April 6, 2015: There is a saying in America: keeping up with the Joneses.
This means that if your neighbor buys something, you have to go buy something similar to “keep up.”
In the case of commercial aviation, Keeping Up with the Jones has been an international past time for decades. Boeing developed the 247. Douglas developed the DC-2. Douglas developed the DC-4. Lockheed developed the Constellation. The DC-6 begot an improved Connie which prompted the DC-7 which in turn prompted the 1649 Connie. Boeing developed the 707 and Douglas the DC-8. And so it goes today, with the tit-for-tat between Airbus and Boeing.
So the latest: Boeing 737 Max 200, meet the Airbus “A320 Max 195.”
That gnashing of teeth you hear is coming from Toulouse not only at the characterization but also the label.
Last month Airbus received certification for a 195-passenger configuration for the A320neo. This compares to the 737 Max 200, designed for 200 passengers (but in practice, more likely 194-197).
When I heard of the “A320 Max 195,” thanks to a story by Mary Kirby of Runway Girl Network, my mind boggled. The A320 is shorter than the 737-800/8 and Airbus had to creatively struggle to find a Layout ofPassenger Accommodations (LOPA) to bring seating to 189, using 28-inch pitch and smaller and fewer lavs and galleys. How in the world could Airbus fit another six seats into the airplane?
I could scarcely hide my incredulity when I queried Toulouse.
“Following successful evacuation tests performed in 2014, Airworthiness Authorities have granted us with an enhanced egress rate that applies to the existing forward and aft doors of the whole A320 Family,” an Airbus spokesman said in an email. “This has allowed us, [last] month, to certify the A320 with an envelope of 195 pax, providing us margin for future cabin developments. All the enablers we have today allow us to market up to 189 pax on the A320 but, to answer market needs, we keep looking at innovative ways to add more revenue seats at equivalent comfort standard.
“[The] 195 pax is just a theoretical certified envelope, based on our new overall doors’ rating and on the A320 bearable structural loads constraints,” Airbus said. (Emphasis is theirs.) “This gives us margin for future cabin developments but is not specifically linked to an existing LOPA. [A]ll the enablers we have today allow us to market up to 189 pax on the A320 but we keep looking at innovative ways to add more revenue seats at equivalent comfort standard.”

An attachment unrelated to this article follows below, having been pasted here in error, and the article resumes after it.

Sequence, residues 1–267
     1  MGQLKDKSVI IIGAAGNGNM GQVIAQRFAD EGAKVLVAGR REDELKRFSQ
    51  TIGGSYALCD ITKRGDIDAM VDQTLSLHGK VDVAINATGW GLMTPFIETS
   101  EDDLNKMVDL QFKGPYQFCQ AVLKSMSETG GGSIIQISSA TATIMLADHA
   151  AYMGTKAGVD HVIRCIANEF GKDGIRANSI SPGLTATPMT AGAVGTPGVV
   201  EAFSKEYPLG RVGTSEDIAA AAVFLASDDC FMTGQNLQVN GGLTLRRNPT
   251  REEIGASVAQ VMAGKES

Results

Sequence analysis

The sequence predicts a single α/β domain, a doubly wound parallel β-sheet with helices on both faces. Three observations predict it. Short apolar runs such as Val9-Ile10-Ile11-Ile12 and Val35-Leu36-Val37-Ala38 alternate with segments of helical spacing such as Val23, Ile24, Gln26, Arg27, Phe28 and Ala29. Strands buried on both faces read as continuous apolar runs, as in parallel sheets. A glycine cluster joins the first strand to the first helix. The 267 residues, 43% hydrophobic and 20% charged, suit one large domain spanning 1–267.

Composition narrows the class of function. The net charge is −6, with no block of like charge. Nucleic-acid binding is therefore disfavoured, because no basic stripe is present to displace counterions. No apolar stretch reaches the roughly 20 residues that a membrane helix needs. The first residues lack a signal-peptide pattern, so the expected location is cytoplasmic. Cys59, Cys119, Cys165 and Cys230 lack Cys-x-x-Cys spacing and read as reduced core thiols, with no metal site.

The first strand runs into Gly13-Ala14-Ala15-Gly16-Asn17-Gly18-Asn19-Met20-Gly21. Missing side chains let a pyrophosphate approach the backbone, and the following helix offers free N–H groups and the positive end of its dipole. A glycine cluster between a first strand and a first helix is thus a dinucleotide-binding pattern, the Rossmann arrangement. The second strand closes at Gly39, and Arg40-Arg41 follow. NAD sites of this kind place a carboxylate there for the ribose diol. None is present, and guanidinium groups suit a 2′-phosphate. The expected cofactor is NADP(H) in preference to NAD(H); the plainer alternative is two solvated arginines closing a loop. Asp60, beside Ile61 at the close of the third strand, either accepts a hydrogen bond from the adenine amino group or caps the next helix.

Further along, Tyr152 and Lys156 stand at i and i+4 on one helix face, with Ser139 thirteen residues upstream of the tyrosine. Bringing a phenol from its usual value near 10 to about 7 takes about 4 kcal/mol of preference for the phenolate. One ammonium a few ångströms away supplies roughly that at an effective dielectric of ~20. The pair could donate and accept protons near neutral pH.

In this case, Airbus would have to use a 27-inch seat pitch (seat maker Zodiac already has a design).
“Of course, one needs to put everything into perspective,” Airbus continued. “An A320 in a theoretically possible 195 seats layout would be for special ‘high-density’ configurations for airlines who want it for certain markets with certain business models. But obviously if a passenger pays a full-fare mainline ticket he or she would not expect to be sitting at 27inch pitch. On the other hand, if a backpacker just wants to ‘get around’ at the lowest possible cost, then even at 27 inch pitch (in a new-gen-seat 18-inch wide in an A320) that will likely be much more comfortable than the bus or train they subsequently take to their sightseeing tour. In short, nobody is forcing anybody to do anything – it’s just a question of what’s possible to offer customers. And the market – ie you the passenger, at the end of the day – is free to decide what they buy.”
I could see airlines like Ryanair or Spirit Air, neither of which is particularly concerned about what the passenger wants or doesn’t want, presenting what essentially is a take-it-or-leave-it fleet-wide configuration like this. Imagine trying to evacuate a 195-seat A320 (or a 200 seat MAX, for that matter) in 90 seconds. With seat pitch like that, and the growing population of, shall we say, plus-size people, it might take 90 seconds just to get out of the damn seats let alone to the exits.
But Boeing has a 200 seat 737-8. To Keep Up with the Joneses, Airbus now has a 195 seat A320neo.